Not surprisingly there has been a great deal of discussion in football circles in the past few days about the need for the criteria to be in the National Premier Leagues of Western Australia to be reviewed.
What makes the whole process so difficult is that the rules in Division One of the State league are not the same as they are if you are promoted to the NPL.
As one of the state’s football historians pointed out, in 2004 the last year of Soccer West Coast the top competition in the state had 12 teams in the top division on a Saturday, the Premier League. There were 15 teams in Division 1 and there was no Division Two.
At that time 26 of the 27 teams had enclosed grounds. Only Balcatta did not, but they did have a gate through which the paying public passed to watch games.
There are now 36 clubs playing in the NPL, State League Division one and two and only 23 of the 36 have enclosed grounds. The thirteen clubs that do not have enclosed grounds have no way of controlling who comes into their grounds. So has the game really progressed in the past 12 years?
Football West has dedicated a great deal of time and energy on trying to find location, and then build a “Home of Football” or now as it is being called a “State Football Centre.” The latest statement from the Chair of Football West in October said that this facility will now cost $45 million. This figure has jumped $15million in just over a year! (Time to Leave Home)
With Joondalup United denied promotion because they did not meet the required NPL Criteria, and the fact that they would have had to ground share with Sorrento, one has to ask should not money such as this be invested in improving the facilities across the state, and making as many grounds as possible meet the required criteria? Then, if other clubs like Joondalup United make their way up through the leagues with their performances on the pitch, they are not denied their rightful place because their ground is not up to scratch. Being forced to share grounds even before the NPL commenced cost the Western Knights dearly off the pitch, and saw them relegated on it. So as much as there is merit in such a move it has to be an agreement that does not financially penalise one club.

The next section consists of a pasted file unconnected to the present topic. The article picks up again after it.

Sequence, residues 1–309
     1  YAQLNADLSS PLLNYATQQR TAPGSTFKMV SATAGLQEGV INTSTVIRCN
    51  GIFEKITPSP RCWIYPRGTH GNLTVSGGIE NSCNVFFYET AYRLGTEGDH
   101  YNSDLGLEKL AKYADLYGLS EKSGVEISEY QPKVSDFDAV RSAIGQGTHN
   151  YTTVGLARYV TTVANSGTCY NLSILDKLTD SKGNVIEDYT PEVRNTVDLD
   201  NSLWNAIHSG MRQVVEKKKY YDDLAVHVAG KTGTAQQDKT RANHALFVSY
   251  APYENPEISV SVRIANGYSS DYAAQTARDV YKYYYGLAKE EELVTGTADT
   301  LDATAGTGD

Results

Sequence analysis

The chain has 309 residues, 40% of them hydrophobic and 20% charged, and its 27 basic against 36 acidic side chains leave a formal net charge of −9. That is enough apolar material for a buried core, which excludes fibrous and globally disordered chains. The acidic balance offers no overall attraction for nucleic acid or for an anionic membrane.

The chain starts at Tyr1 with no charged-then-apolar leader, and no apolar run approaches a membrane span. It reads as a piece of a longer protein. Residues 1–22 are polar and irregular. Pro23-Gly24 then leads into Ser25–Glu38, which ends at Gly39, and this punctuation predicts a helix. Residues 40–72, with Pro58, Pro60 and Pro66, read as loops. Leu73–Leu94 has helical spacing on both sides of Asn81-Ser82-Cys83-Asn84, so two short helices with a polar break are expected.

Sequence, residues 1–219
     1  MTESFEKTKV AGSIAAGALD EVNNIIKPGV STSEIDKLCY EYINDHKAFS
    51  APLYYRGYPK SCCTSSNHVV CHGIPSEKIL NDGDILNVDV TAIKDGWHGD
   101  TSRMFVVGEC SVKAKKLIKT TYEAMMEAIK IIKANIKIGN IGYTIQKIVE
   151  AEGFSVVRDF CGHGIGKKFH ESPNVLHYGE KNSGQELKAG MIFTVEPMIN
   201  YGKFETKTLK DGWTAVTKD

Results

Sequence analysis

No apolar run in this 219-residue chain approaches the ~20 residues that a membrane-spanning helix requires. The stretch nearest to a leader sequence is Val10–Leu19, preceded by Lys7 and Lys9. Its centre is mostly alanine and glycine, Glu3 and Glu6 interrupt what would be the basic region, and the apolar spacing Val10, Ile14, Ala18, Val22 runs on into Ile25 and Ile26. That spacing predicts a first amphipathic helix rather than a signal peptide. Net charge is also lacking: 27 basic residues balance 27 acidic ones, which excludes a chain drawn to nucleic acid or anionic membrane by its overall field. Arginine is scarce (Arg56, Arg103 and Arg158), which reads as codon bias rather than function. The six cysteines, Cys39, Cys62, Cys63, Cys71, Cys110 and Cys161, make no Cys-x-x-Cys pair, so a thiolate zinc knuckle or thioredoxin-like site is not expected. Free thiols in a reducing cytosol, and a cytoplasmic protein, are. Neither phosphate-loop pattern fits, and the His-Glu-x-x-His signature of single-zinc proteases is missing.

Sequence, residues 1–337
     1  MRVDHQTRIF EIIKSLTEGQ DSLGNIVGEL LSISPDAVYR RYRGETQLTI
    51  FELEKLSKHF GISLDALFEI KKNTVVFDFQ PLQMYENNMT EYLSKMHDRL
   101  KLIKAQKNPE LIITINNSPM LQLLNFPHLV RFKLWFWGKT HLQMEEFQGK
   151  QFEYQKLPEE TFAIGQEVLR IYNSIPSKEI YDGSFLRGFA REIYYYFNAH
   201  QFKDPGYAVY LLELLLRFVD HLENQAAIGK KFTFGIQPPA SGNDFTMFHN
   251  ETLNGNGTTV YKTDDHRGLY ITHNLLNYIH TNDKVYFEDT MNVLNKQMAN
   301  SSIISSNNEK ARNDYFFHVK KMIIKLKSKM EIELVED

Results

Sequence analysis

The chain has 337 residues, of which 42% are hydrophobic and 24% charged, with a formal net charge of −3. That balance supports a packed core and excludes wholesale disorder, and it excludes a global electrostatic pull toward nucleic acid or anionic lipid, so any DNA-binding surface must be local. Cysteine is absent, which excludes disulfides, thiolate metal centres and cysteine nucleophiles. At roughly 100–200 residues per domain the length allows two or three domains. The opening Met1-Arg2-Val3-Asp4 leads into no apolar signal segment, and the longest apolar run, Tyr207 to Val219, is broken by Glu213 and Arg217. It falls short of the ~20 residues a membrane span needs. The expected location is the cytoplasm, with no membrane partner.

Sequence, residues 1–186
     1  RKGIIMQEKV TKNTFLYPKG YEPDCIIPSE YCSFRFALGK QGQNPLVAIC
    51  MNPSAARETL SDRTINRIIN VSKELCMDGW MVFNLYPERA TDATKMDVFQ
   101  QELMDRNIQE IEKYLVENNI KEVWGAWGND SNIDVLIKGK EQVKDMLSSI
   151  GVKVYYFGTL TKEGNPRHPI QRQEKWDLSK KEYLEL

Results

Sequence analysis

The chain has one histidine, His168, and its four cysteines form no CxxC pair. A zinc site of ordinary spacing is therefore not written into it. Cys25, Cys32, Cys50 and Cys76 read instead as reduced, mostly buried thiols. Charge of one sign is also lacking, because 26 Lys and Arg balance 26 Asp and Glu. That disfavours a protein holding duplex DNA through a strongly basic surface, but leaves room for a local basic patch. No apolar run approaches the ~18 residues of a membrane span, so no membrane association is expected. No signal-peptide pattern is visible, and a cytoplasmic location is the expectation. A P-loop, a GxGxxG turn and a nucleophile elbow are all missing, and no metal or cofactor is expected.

In the press release from Football West in October Mr Twigger was quoted as saying, “With over 200,000 participants in Western Australia, the development of a State Football Centre is crucial in supporting the growth of the game from grassroots to the elite level.” This was the same figure quoted in the Annual report of 2015, and is clearly aimed at convincing the Government to donate to the sport. However Annual Reports are supposed to compare like with like, and in 2014 there were only 40,615 registered participants reported. This is a massive jump in 12 months, and one that if true, actually lends weight that it is in fact the facilities around the state that need upgrading, rather than having one state-of-the-art central location, as facilities at each club are soon going to be overstretched.
Let us know what you feel.(Voting will be open for one week)